Kim, Moon in play

By Rajaram Panda, Jan 13 2018, 01:30 IST
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The Korean Peninsula witnessed in the year just past fiery rhetoric between Kim Jong-un and US President Donald Trump and escalating tensions over North Korea's nuclear weapons programme. The year saw 20 missile launches and nuclear tests by North Korea.

The year 2018 began with signs of a thaw when North Korea's Kim Jong-un in his televised New Year speech called for lower military tensions on the Korean Peninsula and improved ties with the South. But at the same time, in a clear message to the US, Kim proudly declared his country a nuclear power, reminding that the intercontinental ballistic missiles in his possession are capable of reaching any part of continental United States, and thus the ambition to accomplish his goal of establishing a modern nuclear state is already achieved.

By mentioning this, Kim warned Trump that North Korea's capability would protect him and the nation from armed conflict with the US. Kim thundered: "The US cannot start a war against me or our country. The entire United States is within range of our nuclear weapons, and a nuclear button is always on my desk€¦This is reality, not a threat."

If this was a threat to the US, Kim also made some conciliatory statements towards South Korea, with which North Korea technically remains at war as the 1950-53 Korean War was halted with an armistice, not a peace treaty. The truce has been an uneasy one since. The year 2018 started with good omen for both and they can gain if they show sincerity in their efforts. While North Korea would celebrate the 70th anniversary of its founding, South Korea is hosting the Winter Olympics in PyeongChang, east of Seoul, in February. It would be meaningful for both to cooperate.

Following the January 9 inter-Korea meeting in the border village of Panmunjom between South Korea's minister for unification and the chairman of North Korea's Committee for the Peaceful Reunification of the Fatherland, North Korea has agreed to participate in the Winter Olympics.

For South Korea, which has been worrying over a potential threat from the North to athletes and tourists from other countries, it should be great relief that Kim has decided to send a delegation of athletes, a cheering squad, an art troupe, a Taekwondo demonstration team and a group of reporters.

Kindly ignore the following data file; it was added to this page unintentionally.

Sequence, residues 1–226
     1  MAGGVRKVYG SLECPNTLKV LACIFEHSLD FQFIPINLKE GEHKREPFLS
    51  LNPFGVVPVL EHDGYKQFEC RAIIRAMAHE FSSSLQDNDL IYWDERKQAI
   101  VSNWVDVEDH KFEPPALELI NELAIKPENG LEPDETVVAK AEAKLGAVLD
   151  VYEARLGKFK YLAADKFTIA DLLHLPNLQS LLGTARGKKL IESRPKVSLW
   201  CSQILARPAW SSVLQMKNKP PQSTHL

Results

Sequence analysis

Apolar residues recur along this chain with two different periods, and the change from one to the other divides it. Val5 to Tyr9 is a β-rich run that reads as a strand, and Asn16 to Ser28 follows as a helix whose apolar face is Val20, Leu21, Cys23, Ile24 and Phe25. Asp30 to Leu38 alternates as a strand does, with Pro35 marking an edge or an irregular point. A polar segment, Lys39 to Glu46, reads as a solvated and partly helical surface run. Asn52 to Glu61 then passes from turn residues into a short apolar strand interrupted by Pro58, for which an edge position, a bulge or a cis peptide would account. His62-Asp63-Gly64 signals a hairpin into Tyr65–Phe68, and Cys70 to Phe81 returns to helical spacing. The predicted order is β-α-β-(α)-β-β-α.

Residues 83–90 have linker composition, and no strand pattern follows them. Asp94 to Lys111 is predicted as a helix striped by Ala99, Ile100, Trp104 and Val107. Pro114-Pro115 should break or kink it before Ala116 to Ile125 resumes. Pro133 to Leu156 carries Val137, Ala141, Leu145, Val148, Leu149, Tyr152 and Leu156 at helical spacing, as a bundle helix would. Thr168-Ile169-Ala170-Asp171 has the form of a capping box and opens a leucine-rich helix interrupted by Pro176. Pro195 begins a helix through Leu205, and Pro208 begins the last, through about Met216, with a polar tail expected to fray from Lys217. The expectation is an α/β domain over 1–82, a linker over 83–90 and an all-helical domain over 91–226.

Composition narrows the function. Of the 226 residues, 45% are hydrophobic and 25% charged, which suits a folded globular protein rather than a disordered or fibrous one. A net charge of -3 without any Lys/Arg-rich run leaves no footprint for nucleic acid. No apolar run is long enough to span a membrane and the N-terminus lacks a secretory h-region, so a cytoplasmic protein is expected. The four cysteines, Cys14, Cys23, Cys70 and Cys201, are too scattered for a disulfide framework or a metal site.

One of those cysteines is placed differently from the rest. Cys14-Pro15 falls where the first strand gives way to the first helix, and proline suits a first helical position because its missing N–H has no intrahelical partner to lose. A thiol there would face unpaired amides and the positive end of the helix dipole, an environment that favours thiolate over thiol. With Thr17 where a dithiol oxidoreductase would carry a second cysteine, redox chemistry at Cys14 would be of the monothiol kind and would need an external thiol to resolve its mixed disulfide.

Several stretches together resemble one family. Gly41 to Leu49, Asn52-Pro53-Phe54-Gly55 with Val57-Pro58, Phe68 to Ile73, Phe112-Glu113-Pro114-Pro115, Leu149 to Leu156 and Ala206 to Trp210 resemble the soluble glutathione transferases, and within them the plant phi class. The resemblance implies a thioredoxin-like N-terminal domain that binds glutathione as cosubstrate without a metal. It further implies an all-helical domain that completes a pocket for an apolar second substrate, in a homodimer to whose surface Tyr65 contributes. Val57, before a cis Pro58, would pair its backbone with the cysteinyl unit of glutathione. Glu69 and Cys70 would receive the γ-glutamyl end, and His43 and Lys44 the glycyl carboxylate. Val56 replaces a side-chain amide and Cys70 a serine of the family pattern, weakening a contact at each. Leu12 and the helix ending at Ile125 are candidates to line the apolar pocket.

If Kim is sincere about de-freezing the inter-Korean relationship to make this a notable year for both, the comments are unexpectedly and exceptionally conciliatory. Kim's comments are balm to the dovish South Korean President Moon Jae-in who, after coming to power, had announced engagement with the North as his major foreign policy plank.

What stood out in Kim's New Year remarks was that it was in stark contrast to what he had said at the beginning of 2017. Trump had then expressed concern that Pyongyang was in the final stages of deploying an ICBM that could hit the US. Kim stood by his pledge when he launched on July 4 his nation's first long-range ballistic missile into space.

Kim then urged his scientists to accelerate the process. Soon, two more missiles were fired, one of which has the potential to reach Washington. This caused alarm in the US, South Korea and Japan. North Korea came under another round of economic sanctions. Undeterred, North Korea conducted a powerful underground nuclear test, announcing to the world its arrival as a modern nuclear state. With this background, Kim's New Year address in 2018 was muted and could lower the temperature as Kim is now confident its nuclear capability would deter Trump "from playing with fire".

Now, it is almost clear that any diplomatic solution might be aimed at freezing North's capability, rather than expecting the nation to disarm completely. Kim is unlikely to yield, having invested heavily in the nuclear programme. Any diplomatic effort to seek a solution has to be based on this premise hereafter.

Olive branch

If this is the threat option, can the olive branch offer be taken seriously? Now that Kim has announced that he is "open to dialogue" with Seoul, Moon has to seize the opportunity and respond, notwithstanding the fact that it could cause fissure in South Korea's relations with the US. Moon would be keen to create the right environment ahead of the Winter Olympics in PyeongChang in late February.

Since not much time is left, Moon and Kim must move fast to make this happen so that the unity of the Korean people can be shown to the world, and the diplomatic temperature lowered. In fact, Moon is so keen to welcome the North's delegation that he proposed to Trump that the annual US-South Korea military drills be put off to until after the games.

Even when one is inclined to view Kim's New Year address positively, there is little indication that Kim is going to pause in his nuclear ambition. Kim's two-pronged policy of developing his country's economy and military will continue. Sanctions have bitten the North but not paralysed it.

Besides securing China's clandestine help, North Korea has other ways to earn money and has made progress in areas like fabrics, shoes and tractors. The Winter Olympics will keep Kim in the international limelight. It would not be surprising if Kim resumes missile and nuclear tests after the games. Kim would not like to be forgotten soon and would want to remain in the international spotlight.

(The writer is ICCR India Chair Visiting Professor at Reitaku University, Japan)

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